Saturday, November 12, 2016

myStorm - Achieving the $30 Price Breakthrough!

This post was originally written in late July - during the design phase of myStorm. Unfortunately this and other posts were accidently deleted, but have now been partially recovered.

From now this blog will continue on my Wordpress site

In this part I look a little closer at the target hardware and look at the way in which we are now able to achieve a $30 selling price.

ARM Section

The ARM microcontroller performs several basic functions at different times in the development cycle.

1.  As a non-volatile Flash memory device for holding the FPGA bitfile
2.  As a FPGA programmer communicating the bitfile to the FPGA via an SPI interface.
3. As a general purpose I/O slave processor - by way of serial or fast 8-bit parallel interface 
4. As a system controller for applications where the Raspberry Pi Zero is not present on board.

The microcontroller needs a flash memory of at least 256K bytes. 

I have had experience of the STM32 range of microcontrollers - so these were the obvious choice - but with a tight budget, not stretching to a $4 mcu, we were obliged to follow an alternative strategy.

Some months ago, through my association with the STM32Duino group, I got to hear about some low cost ARM M3 parts from a vendor in China, apparently binary and pin compatible with the STM32 parts . At first, these appeared to be rip-offs of the STM32F103 series, produced by Chinese vendor Giga Devices.  However, further investigation revealed that they were actually a new design, which employed a neat idea to produce a low cost, volume range of ARM Cortex M3 microcontrollers for the Chinese market. And because Giga Device is a Flash Memory manufacturer, their M3 Cortex parts have up to 3Mbytes of flash "on-chip".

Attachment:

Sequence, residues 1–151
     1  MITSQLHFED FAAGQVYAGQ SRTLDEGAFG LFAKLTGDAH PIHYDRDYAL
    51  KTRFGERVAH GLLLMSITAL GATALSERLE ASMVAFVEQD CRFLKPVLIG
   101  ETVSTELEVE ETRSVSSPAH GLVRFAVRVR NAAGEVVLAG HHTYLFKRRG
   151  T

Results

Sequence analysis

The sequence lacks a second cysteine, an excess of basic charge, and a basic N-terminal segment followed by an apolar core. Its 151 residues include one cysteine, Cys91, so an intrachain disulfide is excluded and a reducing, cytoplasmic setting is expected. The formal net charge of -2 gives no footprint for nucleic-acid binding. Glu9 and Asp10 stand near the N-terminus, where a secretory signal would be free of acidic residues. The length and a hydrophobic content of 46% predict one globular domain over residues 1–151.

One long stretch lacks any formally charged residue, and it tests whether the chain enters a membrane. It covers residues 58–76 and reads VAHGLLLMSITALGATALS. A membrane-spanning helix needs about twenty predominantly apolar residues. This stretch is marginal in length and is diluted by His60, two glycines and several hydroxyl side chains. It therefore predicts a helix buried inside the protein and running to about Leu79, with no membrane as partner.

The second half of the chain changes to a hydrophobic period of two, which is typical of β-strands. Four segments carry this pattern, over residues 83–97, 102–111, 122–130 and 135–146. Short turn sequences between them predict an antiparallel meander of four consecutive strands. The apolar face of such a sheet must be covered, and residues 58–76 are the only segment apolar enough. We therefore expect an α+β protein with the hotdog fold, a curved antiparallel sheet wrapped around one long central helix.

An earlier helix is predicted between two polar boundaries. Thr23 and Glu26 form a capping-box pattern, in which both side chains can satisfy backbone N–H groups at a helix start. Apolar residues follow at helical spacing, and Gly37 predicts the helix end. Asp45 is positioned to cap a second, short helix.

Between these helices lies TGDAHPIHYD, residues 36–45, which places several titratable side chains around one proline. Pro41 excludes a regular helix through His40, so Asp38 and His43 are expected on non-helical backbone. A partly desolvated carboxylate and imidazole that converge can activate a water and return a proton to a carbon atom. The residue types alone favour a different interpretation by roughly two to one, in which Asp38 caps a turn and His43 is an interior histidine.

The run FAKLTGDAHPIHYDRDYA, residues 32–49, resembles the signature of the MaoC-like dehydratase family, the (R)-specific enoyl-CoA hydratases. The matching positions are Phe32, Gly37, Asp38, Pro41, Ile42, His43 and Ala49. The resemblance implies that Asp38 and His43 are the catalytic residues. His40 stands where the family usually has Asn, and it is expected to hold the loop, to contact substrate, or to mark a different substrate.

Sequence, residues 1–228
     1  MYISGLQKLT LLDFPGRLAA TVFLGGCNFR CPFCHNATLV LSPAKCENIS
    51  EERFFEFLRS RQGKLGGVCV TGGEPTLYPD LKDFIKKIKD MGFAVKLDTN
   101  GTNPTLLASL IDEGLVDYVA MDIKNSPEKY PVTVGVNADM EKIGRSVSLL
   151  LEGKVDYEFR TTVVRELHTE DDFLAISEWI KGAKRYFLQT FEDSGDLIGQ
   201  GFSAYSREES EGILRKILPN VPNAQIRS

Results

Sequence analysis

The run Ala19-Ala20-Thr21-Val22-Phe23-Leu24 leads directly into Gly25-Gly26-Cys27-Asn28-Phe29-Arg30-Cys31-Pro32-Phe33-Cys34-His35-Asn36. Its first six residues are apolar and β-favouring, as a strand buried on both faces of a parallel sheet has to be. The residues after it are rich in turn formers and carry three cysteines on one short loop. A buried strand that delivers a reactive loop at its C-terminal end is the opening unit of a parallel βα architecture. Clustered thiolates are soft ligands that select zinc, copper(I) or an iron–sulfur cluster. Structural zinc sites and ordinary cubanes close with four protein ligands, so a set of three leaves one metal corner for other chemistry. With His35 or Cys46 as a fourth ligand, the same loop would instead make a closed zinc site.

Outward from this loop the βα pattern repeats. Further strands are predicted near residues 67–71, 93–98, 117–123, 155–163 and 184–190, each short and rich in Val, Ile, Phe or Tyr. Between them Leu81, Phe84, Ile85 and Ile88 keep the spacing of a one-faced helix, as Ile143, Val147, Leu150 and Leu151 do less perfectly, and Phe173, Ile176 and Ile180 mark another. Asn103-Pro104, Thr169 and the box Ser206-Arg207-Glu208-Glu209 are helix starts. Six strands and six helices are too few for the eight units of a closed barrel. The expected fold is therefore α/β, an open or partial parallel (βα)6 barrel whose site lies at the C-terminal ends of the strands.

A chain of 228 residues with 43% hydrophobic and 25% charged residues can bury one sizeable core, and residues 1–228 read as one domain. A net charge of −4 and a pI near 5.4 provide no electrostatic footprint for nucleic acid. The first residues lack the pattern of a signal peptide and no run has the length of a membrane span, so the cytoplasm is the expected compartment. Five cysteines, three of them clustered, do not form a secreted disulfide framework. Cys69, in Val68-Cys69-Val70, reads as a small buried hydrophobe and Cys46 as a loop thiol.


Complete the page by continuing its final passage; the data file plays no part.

Of primary interest, however, was their low cost - a 256Kbyte ARM M3 Cortex by Giga Device sells for about $1.00, saving us $3 on not having to buy a device from STM.

The Raspbery Pi Zero.